AICPA establishes a language for electronic-based financial reporting.
The AICPA AICPA
See American Institute of Certified Public Accountants (AICPA). recently laid the foundation for a bridge that will allow CPAs to move more readily from a paper to an electronic economy. Using XFRML XFRML Extensible Financial Reporting Mark-Up Language (now Extensible Business Reporting Language, XBRL)
XFRML Extensible Financial Reporting Markup Language (extensible financial reporting markup language), the AICPA high tech task force developed a prototype that will help make electronic publishing of financial information a reality.
The new financial reporting language, XFRML, is derived from XML XML
in full Extensible Markup Language.
Markup language developed to be a simplified and more structural version of SGML. It incorporates features of HTML (e.g., hypertext linking), but is designed to overcome some of HTML's limitations. (extensible markup language See XML.
(language, text) Extensible Markup Language - (XML) An initiative from the W3C defining an "extremely simple" dialect of SGML suitable for use on the World-Wide Web.
http://w3.org/XML/. ). Like its close relative HTML HTML
in full HyperText Markup Language
Markup language derived from SGML that is used to prepare hypertext documents. Relatively easy for nonprogrammers to master, HTML is the language used for documents on the World Wide Web. , which is used on the Web, XML is used to code or tag information. The coded information is then accessible to many users across all programs.
The AICPA task force used its prototype and XFRML to create the first full set of XML-based financial statements. XFRML uses the same standards set forth by the World Wide Web Consortium (W3C (World Wide Web Consortium, www.w3.org) An international industry consortium founded in 1994 by Tim Berners-Lee to develop standards for the Web. It is hosted in the U.S. by the Computer Science and Artificial Intelligence Laboratory (CSAIL) at MIT (www.csail.mit.edu/index.php). ) in February 1998 for XML.
XFRML, which adheres to the existing rules for financial reporting, will have a significant effect on how financial data is exchanged in the future. IBM (International Business Machines Corporation, Armonk, NY, www.ibm.com) The world's largest computer company. IBM's product lines include the S/390 mainframes (zSeries), AS/400 midrange business systems (iSeries), RS/6000 workstations and servers (pSeries), Intel-based servers (xSeries) , Lotus, Microsoft, Oracle and other major software vendors have thrown their support behind XFRML as the language of business information exchange.
Publication of financial information in XFRML can save enormous amounts of time in researching and exporting information into other "XML-aware" applications.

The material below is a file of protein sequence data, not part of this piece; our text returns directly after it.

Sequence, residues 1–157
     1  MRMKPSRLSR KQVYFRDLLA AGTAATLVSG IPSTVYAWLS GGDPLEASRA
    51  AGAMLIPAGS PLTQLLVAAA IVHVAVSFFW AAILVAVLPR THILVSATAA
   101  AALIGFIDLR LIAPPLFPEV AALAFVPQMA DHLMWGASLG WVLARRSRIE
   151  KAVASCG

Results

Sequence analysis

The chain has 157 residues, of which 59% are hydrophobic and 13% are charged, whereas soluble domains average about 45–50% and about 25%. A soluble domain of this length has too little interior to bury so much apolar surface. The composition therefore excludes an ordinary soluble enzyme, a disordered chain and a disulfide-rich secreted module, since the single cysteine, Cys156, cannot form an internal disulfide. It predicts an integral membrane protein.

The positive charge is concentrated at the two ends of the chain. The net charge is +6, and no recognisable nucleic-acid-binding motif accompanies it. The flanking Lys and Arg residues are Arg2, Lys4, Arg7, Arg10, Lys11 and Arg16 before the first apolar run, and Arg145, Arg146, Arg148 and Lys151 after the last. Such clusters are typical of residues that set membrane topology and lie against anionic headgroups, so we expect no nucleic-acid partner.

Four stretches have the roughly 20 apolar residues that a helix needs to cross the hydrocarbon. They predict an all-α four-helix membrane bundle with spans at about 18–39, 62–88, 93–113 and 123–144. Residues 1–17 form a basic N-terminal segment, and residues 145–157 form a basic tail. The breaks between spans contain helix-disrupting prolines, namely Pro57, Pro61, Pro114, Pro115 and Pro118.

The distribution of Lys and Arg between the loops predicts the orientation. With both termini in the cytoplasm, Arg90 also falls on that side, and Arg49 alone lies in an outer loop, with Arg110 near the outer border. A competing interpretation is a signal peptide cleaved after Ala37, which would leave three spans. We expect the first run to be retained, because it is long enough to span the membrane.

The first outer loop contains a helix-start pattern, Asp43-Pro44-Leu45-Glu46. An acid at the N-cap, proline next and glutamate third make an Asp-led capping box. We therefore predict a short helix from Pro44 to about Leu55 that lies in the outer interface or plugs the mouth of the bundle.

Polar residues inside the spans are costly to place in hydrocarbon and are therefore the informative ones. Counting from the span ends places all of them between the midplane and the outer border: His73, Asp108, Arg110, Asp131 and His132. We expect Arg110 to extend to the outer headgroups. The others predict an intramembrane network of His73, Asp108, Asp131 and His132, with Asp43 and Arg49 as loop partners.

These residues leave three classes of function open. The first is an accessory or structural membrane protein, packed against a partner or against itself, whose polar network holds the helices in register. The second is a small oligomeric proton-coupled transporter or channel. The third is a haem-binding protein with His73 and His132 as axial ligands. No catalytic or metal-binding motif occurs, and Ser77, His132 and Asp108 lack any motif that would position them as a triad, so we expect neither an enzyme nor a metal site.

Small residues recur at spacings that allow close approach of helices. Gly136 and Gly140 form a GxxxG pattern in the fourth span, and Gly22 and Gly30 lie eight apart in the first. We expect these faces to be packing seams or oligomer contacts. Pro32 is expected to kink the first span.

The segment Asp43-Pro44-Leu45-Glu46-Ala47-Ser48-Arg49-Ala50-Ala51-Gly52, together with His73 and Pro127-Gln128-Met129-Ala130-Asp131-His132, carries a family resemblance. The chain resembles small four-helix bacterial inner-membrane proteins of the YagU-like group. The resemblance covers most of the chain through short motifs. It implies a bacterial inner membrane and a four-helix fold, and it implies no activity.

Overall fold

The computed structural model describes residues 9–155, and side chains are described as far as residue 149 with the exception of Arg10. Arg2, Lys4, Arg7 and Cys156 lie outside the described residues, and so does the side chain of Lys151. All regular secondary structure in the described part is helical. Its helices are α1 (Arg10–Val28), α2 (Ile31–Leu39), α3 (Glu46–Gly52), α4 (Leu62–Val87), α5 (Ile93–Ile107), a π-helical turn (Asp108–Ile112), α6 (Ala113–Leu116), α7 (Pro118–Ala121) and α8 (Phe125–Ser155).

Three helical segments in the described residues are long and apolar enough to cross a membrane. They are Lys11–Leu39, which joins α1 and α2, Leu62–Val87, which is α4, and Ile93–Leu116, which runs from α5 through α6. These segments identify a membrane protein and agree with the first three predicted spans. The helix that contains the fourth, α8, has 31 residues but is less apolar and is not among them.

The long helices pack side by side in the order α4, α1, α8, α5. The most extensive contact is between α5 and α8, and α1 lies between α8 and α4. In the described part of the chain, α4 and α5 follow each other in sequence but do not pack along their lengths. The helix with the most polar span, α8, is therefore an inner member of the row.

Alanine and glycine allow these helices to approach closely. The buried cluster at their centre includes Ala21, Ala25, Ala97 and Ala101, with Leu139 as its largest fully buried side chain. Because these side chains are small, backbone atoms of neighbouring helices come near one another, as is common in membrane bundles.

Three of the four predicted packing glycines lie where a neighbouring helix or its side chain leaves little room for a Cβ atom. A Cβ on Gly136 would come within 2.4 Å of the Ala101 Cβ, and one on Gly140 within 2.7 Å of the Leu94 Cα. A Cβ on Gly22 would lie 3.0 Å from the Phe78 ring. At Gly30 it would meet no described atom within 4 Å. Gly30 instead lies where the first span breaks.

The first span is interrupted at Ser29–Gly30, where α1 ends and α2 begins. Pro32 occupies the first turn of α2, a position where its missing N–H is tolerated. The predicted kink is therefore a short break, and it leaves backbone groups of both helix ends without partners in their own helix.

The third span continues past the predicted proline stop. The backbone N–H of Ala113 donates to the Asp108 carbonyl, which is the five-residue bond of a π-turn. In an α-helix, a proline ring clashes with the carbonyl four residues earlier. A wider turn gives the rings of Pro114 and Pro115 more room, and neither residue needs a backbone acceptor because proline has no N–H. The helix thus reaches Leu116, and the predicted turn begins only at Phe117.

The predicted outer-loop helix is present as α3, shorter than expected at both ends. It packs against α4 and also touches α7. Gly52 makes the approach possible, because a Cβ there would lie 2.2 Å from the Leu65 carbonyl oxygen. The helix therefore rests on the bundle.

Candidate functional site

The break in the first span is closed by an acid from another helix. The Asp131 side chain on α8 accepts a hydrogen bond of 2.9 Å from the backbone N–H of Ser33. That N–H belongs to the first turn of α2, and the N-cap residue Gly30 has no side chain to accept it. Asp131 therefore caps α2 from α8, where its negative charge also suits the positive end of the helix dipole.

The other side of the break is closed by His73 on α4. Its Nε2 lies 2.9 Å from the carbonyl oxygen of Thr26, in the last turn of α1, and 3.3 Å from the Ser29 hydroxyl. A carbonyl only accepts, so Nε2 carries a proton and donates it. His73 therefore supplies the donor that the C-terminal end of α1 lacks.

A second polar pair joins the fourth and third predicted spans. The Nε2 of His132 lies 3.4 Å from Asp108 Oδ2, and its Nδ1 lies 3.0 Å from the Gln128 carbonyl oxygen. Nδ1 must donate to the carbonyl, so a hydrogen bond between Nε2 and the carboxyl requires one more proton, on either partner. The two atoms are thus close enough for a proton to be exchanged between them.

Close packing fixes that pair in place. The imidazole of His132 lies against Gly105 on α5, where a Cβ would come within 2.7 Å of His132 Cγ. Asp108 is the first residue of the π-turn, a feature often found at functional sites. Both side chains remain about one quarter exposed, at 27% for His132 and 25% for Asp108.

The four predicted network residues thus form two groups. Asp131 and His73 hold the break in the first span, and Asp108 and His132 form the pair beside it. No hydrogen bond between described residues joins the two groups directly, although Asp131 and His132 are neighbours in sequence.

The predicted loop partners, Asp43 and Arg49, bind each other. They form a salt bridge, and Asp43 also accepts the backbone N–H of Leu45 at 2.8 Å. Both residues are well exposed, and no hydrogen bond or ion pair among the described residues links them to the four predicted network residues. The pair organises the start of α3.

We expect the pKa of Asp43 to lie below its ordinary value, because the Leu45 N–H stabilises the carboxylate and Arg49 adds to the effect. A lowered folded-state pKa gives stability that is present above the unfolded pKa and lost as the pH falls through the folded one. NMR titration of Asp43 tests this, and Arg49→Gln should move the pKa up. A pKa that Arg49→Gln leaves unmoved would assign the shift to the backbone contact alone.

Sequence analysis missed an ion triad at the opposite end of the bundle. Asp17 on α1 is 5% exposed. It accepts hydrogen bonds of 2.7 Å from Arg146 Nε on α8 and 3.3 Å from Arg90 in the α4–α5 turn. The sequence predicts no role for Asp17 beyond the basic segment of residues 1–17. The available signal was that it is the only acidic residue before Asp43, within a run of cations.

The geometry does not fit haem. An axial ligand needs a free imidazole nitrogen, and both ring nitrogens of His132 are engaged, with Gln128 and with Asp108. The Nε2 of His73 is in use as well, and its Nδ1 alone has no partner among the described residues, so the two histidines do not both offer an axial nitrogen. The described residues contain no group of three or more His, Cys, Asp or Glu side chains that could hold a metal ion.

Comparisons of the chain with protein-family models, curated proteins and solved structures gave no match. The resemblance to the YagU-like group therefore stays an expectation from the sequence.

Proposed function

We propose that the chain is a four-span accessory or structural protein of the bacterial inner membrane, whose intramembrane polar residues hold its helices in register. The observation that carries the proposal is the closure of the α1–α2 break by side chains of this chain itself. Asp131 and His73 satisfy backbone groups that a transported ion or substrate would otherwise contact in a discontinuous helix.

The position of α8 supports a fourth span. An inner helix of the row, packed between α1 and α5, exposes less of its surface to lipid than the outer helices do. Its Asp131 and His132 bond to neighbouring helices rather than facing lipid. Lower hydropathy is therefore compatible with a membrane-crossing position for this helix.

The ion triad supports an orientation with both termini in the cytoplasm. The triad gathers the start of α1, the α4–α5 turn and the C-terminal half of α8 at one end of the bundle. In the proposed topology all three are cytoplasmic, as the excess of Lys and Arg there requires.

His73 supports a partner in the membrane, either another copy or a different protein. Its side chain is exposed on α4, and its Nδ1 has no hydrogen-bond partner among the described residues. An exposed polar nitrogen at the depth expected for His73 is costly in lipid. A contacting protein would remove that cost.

For instance, before XFRML, if an investor wanted to examine all publicly traded health care providers with at least 500 clinics, a current ratio in excess of 1.75 to 1 and a "clean" opinion from their auditors, it would have been a time-consuming research project. An investor would have had to search the Edgar database (www.sec.gov/edgar hp.htm) and also do a manual search using a particular SIC code.
Using XML-based search tools, an investor will be able to accomplish this research in minutes, if not seconds, with a few simple keystrokes. Moreover, once the information is gathered, it can be imported into another XML application (an Excel spreadsheet, for example) by clicking on a menu item.
The next step in building this electronic/digital bridge will be to expand the application of the pilot project. To that end, several more prototypes will be deployed during the next six months. The next phase of the project will go beyond financial reporting and will involve developing models for XML-based financial transactions in collaboration with other groups.
XFRML is how financial reporting will be done in the digital 21st century. It will allow companies, investors, and industry analysts a way to prepare, publish, exchange and analyze financial reports and the information they contain. It will also allow financial information to be reliably and automatically extracted or exchanged between computer applications.
--Wayne E. Harding, CPA (Computer Press Association, Landing, NJ) An earlier membership organization founded in 1983 that promoted excellence in computer journalism. Its annual awards honored outstanding examples in print, broadcast and electronic media. The CPA disbanded in 2000. , Great Plains Software, Englewood, Colorado, former chairman of the AICPA high tech task force and member of the information technology practices subcommittee.